Does anyone know where Xolair stands with being used in Canada? When my son's PA was diagnosed in April 04 our allergist said that the shot should be available in a couple of years. Thanks
On Apr 26, 2005
I don't know about Canada, I'm in the US, but I must say I don't trust any date until it's on the shelf. I was told within 3 years in late 1999.
On Apr 29, 2005
in the UK St marys hos is starting a trial on this, but have no plans as yet for it to be prescribed , 2-5yrs mentioned. Who knows?!! sarah
On May 11, 2005
Just took my son to the allergist today for a chat about...yet another new allergy (apples) not just oral allergy syndrome...real bona fide apple allergy, CAP level 3. Anyway...our allergist said Dr. Sampson is currently doing a Xolair trial in NYC -- "A Phase II, Randomized, Double-Blind, Parallel-Group, Placebo-Controlled, Oral Food Challenge Trial of Xolair (Omalizumab) in Peanut Allergy", and he gave us all the paperwork to possibly have my son enrolled in this - he thinks he fits all the 'criteria' for a candidate. Anyway... I'm at the point of researching Xolair, and deciding if this is something we want to venture into. Had a bad, bad, bad (oh - and did I say bad?) response with seasonal allergy immunotherapy with him, so I'm really reluctant to venture into such a thing again, as is my son...who does not want to be a "science experiment." Anyway... allergist says....first step is to do the bloodwork to determine my son's overall IgE. If it is too high...he does not qualify for this study/trials. Anyway... I have the whole list of criteria that would 'disqualify' one from such a study, and the pre-requs that have to be met, if anyone is interested. And if anyone is currently in this NYC trial ... I'd be most curious to hear how it is going. What I don't like, off the start....is that they have to "induce" or "challenge" before the trial...which to me, means, set off a reaction first....before any treatment.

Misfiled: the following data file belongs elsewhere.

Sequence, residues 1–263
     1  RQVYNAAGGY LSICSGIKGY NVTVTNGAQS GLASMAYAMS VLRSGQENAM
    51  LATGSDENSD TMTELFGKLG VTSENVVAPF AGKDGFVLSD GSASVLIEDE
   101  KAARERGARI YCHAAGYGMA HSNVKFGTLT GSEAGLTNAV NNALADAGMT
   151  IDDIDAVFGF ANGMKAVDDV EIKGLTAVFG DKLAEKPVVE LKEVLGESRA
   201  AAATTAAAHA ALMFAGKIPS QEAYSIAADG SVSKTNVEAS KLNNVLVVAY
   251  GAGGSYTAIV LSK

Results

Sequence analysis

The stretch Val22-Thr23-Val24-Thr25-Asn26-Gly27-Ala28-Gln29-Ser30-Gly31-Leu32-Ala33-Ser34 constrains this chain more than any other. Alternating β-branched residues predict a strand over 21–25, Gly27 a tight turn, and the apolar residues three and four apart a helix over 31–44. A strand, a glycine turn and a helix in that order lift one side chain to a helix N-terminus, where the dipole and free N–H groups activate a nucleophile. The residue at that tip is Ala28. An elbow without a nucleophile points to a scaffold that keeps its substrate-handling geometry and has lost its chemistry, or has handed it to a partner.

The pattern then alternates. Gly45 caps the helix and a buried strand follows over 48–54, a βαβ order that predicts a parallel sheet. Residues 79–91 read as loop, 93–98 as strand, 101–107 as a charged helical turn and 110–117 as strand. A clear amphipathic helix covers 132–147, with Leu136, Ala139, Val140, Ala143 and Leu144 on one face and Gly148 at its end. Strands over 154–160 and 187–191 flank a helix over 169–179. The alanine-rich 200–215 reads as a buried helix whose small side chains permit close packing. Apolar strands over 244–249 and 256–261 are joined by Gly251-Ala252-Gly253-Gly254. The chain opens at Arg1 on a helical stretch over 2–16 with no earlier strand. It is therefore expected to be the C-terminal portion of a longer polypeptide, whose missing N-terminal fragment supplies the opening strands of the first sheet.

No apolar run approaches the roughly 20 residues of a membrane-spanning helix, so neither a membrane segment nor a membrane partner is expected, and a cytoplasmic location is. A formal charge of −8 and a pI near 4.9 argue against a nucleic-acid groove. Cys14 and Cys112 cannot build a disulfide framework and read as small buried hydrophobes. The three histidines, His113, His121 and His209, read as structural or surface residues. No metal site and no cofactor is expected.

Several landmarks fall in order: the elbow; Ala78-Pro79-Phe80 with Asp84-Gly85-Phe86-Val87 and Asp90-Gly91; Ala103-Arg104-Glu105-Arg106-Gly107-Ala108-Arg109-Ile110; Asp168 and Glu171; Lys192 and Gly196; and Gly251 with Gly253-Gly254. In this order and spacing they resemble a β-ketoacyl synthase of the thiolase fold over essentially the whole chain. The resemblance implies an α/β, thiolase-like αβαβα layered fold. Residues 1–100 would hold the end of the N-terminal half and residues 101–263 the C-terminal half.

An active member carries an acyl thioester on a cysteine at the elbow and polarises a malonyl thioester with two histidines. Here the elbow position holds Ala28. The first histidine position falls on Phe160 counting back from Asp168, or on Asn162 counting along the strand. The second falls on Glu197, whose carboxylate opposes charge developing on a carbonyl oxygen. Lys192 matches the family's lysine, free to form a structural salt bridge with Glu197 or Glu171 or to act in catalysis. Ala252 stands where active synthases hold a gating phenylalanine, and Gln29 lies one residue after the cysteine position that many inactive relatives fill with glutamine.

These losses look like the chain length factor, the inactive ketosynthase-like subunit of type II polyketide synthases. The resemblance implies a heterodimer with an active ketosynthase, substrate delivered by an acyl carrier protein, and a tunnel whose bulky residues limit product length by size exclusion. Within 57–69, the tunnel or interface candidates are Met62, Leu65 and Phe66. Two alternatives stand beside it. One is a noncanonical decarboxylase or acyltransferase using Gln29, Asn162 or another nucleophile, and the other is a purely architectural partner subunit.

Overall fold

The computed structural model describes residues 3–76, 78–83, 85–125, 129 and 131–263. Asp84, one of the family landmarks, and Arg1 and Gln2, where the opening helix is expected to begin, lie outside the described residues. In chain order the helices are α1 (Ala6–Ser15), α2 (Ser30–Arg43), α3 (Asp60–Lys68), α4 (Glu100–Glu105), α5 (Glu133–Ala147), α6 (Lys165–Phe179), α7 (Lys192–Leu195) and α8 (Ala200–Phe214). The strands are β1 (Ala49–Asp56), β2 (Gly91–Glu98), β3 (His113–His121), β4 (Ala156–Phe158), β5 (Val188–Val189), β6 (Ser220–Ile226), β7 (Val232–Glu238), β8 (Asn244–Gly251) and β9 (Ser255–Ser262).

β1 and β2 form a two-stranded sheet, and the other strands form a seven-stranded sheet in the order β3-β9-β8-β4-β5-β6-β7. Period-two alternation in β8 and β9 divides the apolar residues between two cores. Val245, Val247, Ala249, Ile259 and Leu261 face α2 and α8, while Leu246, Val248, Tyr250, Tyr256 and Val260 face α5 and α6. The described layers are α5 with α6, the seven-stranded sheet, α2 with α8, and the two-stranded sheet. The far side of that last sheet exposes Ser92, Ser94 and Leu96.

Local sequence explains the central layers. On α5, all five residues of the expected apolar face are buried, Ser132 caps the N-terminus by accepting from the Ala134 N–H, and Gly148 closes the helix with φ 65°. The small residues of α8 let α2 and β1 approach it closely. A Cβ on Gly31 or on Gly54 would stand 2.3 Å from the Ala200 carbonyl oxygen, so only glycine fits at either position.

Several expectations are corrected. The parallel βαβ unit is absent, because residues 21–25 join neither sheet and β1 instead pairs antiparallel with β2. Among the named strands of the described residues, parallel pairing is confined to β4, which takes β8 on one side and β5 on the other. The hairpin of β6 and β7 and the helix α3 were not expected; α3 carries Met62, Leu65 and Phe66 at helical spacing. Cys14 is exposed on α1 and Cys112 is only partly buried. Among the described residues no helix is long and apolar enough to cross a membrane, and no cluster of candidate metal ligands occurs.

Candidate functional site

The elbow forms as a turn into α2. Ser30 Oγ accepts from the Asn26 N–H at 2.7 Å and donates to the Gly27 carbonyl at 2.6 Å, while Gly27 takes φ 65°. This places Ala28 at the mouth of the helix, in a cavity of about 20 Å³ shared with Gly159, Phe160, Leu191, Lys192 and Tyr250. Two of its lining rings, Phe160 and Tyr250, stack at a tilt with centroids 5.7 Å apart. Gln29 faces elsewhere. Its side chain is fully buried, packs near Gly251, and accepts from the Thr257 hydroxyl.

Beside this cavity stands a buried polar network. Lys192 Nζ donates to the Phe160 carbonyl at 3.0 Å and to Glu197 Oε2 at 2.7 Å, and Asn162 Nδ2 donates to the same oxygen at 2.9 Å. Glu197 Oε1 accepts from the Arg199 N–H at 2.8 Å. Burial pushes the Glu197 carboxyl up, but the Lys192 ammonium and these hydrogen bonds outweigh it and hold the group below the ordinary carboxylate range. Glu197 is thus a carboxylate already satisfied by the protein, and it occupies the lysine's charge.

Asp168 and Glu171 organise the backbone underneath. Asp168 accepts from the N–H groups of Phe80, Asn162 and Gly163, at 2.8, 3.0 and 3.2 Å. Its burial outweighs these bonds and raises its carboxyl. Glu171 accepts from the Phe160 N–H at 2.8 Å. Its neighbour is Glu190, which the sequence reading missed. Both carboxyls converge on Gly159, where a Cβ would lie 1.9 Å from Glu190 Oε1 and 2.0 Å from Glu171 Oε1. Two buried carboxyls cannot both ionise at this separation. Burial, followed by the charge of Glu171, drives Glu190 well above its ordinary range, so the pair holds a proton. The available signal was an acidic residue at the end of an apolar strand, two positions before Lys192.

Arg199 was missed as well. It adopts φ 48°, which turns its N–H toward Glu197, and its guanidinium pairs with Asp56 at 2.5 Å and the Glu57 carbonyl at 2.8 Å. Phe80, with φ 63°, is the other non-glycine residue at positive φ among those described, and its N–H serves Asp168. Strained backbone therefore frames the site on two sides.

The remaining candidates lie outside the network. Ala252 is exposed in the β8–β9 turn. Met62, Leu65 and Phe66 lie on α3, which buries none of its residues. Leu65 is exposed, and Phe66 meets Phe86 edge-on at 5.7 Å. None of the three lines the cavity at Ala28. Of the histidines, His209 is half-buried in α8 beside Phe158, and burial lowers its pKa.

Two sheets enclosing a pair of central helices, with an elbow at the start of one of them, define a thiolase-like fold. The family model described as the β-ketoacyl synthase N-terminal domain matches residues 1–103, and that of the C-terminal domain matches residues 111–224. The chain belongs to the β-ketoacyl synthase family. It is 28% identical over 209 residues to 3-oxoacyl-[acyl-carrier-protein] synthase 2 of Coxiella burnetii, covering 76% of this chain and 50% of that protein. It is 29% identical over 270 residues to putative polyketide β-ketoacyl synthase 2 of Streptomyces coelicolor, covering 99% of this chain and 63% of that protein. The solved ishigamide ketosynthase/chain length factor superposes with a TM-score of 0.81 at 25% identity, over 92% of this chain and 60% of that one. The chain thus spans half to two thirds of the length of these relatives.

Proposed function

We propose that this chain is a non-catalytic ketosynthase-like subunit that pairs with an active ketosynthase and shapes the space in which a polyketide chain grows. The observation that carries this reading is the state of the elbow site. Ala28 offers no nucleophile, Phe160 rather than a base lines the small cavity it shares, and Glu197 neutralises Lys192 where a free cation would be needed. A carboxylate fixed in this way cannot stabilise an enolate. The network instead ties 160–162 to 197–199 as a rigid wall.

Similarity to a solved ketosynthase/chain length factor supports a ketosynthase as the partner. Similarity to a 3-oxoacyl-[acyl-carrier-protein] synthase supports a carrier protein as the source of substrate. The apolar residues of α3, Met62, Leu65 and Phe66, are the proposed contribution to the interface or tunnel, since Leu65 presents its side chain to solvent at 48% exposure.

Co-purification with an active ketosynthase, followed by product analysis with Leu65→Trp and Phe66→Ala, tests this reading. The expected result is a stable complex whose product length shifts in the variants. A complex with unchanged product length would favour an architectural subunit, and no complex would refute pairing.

On May 12, 2005
Hi Laura, I've been in Dr. Sampson's tanox study for almost 4 years. The drug mechanism and study protocol for Xolair is very similar to that of tanox. I've extensively posted about my experiences (both good and bad) on this board. Here are a few links, but for a full listing you can do a search with tanox or xolair as the search words: [url="http://uumor.pair.com/nutalle2/peanutallergy/Forum1/HTML/003822.html"]http://uumor.pair.com/nutalle2/peanutallergy/Forum1/HTML/003822.html[/url] [url="http://uumor.pair.com/nutalle2/peanutallergy/Forum1/HTML/004743.html"]http://uumor.pair.com/nutalle2/peanutallergy/Forum1/HTML/004743.html[/url] [url="http://uumor.pair.com/nutalle2/peanutallergy/Forum3/HTML/001101.html"]http://uumor.pair.com/nutalle2/peanutallergy/Forum3/HTML/001101.html[/url] [url="http://uumor.pair.com/nutalle2/peanutallergy/Forum1/HTML/006057.html"]http://uumor.pair.com/nutalle2/peanutallergy/Forum1/HTML/006057.html[/url] I also wanted to add that I also had a really hard time with environmental immunotherapy (I went into anaphylaxis). However, anti-IgE therapy works on a completely different mechanism then immunotherapy. With immunotherapy, you are injected with actual protein that you are allergic to, with the hope the the body will be able to slowing increase tolerance. However, anti-IgE therapy binds to one of the primary allergic causing components of the immune system (Ige)therefore preventing the IgE from binding to proteins of allergens. Anti-IgE has systemic effects (and is not peanut specific) so it may improve your son's environmental and other food allergies. Please feel free to email off boards if you have more questions. Good luck with your decision. Allison